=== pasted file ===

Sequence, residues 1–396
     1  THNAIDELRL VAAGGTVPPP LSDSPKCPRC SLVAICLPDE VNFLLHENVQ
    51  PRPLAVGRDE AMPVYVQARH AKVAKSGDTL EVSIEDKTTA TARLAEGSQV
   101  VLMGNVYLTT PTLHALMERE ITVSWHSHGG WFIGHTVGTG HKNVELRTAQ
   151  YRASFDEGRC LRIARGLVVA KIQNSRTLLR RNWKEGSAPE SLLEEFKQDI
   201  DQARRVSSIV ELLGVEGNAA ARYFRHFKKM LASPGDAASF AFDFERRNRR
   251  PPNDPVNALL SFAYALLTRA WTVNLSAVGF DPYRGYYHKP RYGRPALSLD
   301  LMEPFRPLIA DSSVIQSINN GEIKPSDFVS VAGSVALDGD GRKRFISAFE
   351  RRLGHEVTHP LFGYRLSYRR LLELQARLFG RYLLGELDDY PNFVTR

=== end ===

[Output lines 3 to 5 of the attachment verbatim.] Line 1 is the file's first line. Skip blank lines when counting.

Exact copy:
    51  PRPLAVGRDE AMPVYVQARH AKVAKSGDTL EVSIEDKTTA TARLAEGSQV
   101  VLMGNVYLTT PTLHALMERE ITVSWHSHGG WFIGHTVGTG HKNVELRTAQ
   151  YRASFDEGRC LRIARGLVVA KIQNSRTLLR RNWKEGSAPE SLLEEFKQDI